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Economy - January 21, 2020

Economic Update — Reviewing Q4 2019

Ebbs and flows in the macroeconomy can often lead to tides of change for different sectors, industries, and public companies. Investors, especially those with longer time horizons, look for insights in economic data released by research companies and government agencies to make strategic adjustments to their portfolios.

For that reason, YCharts collects and makes available more than 300,000 economic series from sources such as the US Federal Reserve, Bureau of Labor Statistics, and hundreds of industry-specific authorities.

To make this data even more useful for advisors and investors, YCharts creates visuals highlighting some of the most noteworthy economic events and trends of the last quarter, then compiles them into a downloadable PowerPoint presentation that’s useful in investment committee meetings, when educating clients (including in quarterly newsletters), and for personal use.

All YCharts users can find the full deck in the Support Center, and YCharts Professional subscribers should reach out to their support contact if they’d like to customize the deck with their own firm’s logo or make other adjustments.

Below is a selection of insights from YCharts’ Q4 2019 Economic Summary Deck. To get access to the full deck and more telling economic visuals, schedule a YCharts demonstration with a product specialist.

US Oil Production vs. Imports from OPEC

US Imports of goods from OPEC nations have trended lower since 2011, but particularly so in the last two years. At the same time, US Crude Oil Production has taken off and continues to increase to new all-time highs. With the escalating tensions between the United States and Iran, you can expect a trending news topic that asks just how dependent (or not so) the US is on OPEC and its oil supply.

The Yield Curve Steepens

Remember all the talk about the inverted yield curve and the inevitable doom that would follow?

The last several months have seen the curve move back towards a more traditional, upward-sloping shape, with longer maturity issues yielding more than their shorter-term counterparts. Notably, however, yields are still at very low values compared to long-term historical averages. The recent “steepening” of the curve came from a combination of long-term rates rising and short-term rates dropping.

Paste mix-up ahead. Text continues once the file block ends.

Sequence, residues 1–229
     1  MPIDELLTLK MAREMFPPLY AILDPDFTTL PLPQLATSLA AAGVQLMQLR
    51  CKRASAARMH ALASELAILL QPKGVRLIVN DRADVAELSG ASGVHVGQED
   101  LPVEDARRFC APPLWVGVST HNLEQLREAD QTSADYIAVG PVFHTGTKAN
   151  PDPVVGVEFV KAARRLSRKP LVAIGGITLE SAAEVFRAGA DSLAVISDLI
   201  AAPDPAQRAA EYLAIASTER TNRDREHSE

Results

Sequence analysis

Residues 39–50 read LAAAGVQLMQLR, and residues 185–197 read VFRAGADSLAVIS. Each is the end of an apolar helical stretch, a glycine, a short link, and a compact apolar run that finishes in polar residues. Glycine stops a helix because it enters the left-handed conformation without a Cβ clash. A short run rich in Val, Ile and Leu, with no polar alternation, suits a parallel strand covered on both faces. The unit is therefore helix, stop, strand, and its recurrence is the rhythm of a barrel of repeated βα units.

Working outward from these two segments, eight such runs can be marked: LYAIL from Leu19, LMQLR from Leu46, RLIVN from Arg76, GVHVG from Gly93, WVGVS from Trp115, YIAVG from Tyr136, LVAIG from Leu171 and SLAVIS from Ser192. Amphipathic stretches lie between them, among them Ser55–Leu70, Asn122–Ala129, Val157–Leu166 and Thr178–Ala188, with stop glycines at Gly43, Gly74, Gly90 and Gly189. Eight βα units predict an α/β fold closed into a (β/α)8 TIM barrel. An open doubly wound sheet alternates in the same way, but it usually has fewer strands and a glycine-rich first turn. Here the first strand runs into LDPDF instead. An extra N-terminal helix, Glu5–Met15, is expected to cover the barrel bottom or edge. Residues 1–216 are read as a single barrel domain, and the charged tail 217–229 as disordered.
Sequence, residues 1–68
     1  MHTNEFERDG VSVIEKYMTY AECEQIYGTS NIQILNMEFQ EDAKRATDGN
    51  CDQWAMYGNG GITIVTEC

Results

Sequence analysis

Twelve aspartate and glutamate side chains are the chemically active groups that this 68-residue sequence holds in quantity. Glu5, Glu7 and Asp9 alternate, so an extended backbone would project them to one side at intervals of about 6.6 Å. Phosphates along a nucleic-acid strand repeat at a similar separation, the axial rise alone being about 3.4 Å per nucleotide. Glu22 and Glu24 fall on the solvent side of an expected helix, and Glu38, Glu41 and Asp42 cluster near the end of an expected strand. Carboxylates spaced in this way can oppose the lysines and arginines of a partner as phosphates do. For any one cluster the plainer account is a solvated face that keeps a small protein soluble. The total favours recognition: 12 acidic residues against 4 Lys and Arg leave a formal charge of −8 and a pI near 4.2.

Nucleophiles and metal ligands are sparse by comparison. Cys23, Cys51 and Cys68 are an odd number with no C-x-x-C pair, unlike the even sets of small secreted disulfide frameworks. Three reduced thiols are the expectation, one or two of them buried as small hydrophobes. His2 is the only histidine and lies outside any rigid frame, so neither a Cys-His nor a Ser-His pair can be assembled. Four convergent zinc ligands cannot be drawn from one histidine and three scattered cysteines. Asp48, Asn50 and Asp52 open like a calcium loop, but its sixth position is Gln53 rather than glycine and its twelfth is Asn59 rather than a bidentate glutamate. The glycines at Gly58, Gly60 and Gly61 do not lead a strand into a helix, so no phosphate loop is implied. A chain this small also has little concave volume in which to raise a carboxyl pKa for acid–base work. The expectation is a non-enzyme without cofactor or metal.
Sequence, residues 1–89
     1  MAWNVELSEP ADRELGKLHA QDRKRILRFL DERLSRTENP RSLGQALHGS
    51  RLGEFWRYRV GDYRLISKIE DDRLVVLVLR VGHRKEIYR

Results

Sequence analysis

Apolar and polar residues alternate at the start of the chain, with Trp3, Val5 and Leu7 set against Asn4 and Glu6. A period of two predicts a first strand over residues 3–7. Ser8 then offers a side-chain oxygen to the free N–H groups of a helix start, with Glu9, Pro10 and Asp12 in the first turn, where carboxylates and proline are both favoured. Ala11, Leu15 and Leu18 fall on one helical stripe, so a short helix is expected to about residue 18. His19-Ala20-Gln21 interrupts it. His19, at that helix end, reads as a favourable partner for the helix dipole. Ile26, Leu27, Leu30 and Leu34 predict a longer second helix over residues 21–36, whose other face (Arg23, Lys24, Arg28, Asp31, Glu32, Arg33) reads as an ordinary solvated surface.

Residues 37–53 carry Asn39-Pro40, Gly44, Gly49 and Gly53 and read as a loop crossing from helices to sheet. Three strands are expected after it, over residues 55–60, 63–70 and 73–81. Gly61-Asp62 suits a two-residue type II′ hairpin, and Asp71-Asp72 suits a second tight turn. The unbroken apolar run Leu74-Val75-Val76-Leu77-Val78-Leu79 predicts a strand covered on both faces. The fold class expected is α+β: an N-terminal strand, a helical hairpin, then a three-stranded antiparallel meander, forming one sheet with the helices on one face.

Yields often move up or down in tandem but at different paces, causing the curve to flatten or steepen. Moving forward, it will be worth keeping an eye on the curve to see in which direction yields trend.

Asset Class Performance by Quarter

The visual table below shows the performance of each asset class over the last 12 calendar quarters, with green cells showing relative outperformance and red showing relative underperformance in a given quarter.

The inability of any single asset class to regularly outperform, or stay consistently “green,” is a strong endorsement for a properly diversified portfolio; however, the long-lasting bull market is apparent here with equity categories like US Growth dominating the green shaded squares. It’s worth mentioning, though, that the lower returns of the fixed income assets are paired with less volatility.

Top Stocks of the Decade

The 2010s decade was particularly kind to the Consumer Cyclical and Technology, the only two sectors to outperform the S&P 500’s total return of 248.2%.

The best stock of the decade was Netflix (NFLX), up 3,650.7% over just less than 10 years, with an annualized return of nearly 44%. Energy far underperformed the rest of the sectors, posting only a 4.88% decade return, 0.6% annualized.

The chart above was originally featured in our blog Charts of the Decade: Looking Back on the 2010s, which discussed ten charts that told stories about the markets and the economy over the last decade.


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